• Most of the time I fail as far as I can tell. I just need one success to break this vicious cycle:) just kidding. Failure in my eyes is like any other part of the journey and usually the most educating ones.

  • andrew

    Failing made me stronger, smarter and hungrier. I am now thinking more clearly than ever and I get it. I am almost second guessing myself because I feel I know so much more. If I didn't fail early it wouldn't have put things in perspective.

    If you haven't failed, you have little experience. Failure is just expensive training.

  • Over the years, I've read a lot of posts with "failure" in the title, and most try to spin a failure into winning if you can learn/persevere from/through the experience.

    While I agree with the basic premise, you know what its like to fail. You don't want to hear this sh!t. The nature of competition is to want to win. Failing to win usually means you lose, and losing sucks. You try to understand why. Rarely is there one moment you can look back at and say, "that's when I fuc$ed up". The US economic downturn is a perfect example of this.

    I'm young, (29), and I've seen grown men act like complete babies when they lose. Just the other weekend, I played a game of Taboo with a group of friends, one of which is a super talented corporate executive. When it was his turn to have my team guess the word he was reading, without saying the words he's not allowed to use in his description, he got nervous and totally blew the round. He then lost it, threatening physical violence on the opposing team members that were assigned to catch his violations, and it ruined the atmosphere from then on. He also never apologized the entire weekend.

    I've also witnessed youth act with the maturity of someone twice their age. My cousin has two twins, both 8 years old, and their older brother, age 11. I gave them each one R/C helicopter each for Christmas, and the choppers have invisible lasers that can shoot each other down. One of the twins had his chopper shot down and crashed his into a very tall tree. His brothers wouldn't stop playing with their helicopters to help him get his. After crying for a 1/2 hour and whining to his brothers to let him try flying theirs, he came and got me for help. I got several tennis balls for him, and after many attempts, he finally knocked his helicopter out of the tree and was elated when he began flying again. 5 minutes later, his older brother crashed his on the roof, and displayed the same immature tantrum. This time, however, the younger cousin who had crashed his immediately landed his, and to my surprise, thought to use a water hose to lasso and rescue his older brother's chopper.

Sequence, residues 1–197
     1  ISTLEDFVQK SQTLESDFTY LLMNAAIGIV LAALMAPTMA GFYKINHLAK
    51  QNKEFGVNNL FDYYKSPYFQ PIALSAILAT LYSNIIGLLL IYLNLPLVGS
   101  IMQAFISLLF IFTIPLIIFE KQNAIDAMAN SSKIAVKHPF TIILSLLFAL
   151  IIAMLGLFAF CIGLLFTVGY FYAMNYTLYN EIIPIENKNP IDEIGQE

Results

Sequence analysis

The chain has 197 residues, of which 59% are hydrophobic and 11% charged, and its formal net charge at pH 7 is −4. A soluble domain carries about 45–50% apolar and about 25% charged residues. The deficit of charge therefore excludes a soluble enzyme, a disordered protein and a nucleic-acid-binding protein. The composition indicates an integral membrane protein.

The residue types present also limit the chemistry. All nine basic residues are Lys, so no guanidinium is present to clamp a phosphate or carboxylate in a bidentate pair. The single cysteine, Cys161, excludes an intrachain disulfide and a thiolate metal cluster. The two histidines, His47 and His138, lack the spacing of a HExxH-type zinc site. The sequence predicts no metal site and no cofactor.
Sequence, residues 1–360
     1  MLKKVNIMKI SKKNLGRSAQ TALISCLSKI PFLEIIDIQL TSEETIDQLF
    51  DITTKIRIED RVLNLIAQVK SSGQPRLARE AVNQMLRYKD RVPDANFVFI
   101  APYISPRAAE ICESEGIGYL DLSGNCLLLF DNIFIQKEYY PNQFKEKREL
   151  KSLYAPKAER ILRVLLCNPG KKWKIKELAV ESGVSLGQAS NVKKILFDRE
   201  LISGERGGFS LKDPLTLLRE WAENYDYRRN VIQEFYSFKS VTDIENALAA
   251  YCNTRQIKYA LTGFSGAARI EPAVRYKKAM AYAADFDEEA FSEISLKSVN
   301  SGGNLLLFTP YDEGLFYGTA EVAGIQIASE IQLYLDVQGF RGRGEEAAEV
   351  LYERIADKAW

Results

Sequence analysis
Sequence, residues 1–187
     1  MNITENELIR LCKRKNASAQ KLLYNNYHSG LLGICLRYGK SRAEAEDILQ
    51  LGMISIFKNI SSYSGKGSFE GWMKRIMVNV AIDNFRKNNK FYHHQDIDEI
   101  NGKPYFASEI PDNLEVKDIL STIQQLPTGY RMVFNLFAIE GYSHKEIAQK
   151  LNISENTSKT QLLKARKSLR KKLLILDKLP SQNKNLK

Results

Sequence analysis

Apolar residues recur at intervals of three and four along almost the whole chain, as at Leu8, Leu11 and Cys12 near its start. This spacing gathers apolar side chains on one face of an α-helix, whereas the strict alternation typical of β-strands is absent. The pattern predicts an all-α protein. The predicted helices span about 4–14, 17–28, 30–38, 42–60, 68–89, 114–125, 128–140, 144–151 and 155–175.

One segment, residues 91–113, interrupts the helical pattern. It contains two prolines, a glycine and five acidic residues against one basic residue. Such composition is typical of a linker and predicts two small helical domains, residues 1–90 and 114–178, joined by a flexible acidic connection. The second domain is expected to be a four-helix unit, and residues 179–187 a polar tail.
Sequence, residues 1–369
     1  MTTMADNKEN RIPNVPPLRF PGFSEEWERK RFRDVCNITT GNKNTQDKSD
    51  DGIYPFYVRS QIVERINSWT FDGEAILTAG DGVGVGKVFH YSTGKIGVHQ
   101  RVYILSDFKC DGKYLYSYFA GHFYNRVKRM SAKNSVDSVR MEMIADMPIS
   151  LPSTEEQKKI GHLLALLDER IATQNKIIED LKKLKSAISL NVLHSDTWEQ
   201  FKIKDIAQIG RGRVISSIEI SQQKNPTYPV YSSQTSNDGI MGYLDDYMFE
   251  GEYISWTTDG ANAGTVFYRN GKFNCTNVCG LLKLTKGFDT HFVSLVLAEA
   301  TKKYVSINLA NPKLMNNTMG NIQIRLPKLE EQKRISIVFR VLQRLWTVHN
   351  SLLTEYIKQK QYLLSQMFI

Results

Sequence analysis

When you're failing, it sucks, and your reactions are expected to be poor. Taking responsibility for your actions, and having the conviction and courage to do what needs doing will define you to yourself and everyone around you.

  • Success comes out of failure and not giving up. LOVE your article!

  • I would venture that if you haven't failed, you're not trying hard enough. Ultimately, the people who challenge themselves continually end up hitting that wall where their ambitions are unmatched with their ability. It is one's ability to learn from those failures and carry on that distinguishes successful people from the others.

    The interesting thing is also in the example you bring up. Like you, I failed (or "didn't succeed" which I consider a better point of view as it forces me to try again, using the learning from the previous failure to adapt my approach) during the dotcom crash. The interesting thing is, that crash actually prepared me much better for the current financial crisis. The sense of panic that existed during the last cycle as our whole industry was undergoing creative destruction seems gone nowadays, replaced by a more positive attitude that will result, hopefully, in a better riding of the current tumultuous waters we've encountered.

  • Currently I am feeling like you did in 2001. Business and financial lives are a disaster. I would have been a far greater success in life playing drums on Pearl St. for the past 3 years. But I did build a nice house and pull of a wonderful Bar Mitzvah for my son.

    I quoted Atlas Shrugged on your blog last week.

  • While each day is tough, it will get better.  Just keep reminding yourself of that.  Plus, it sounds like you have a kid you love which is a great accomplishment in and of itself.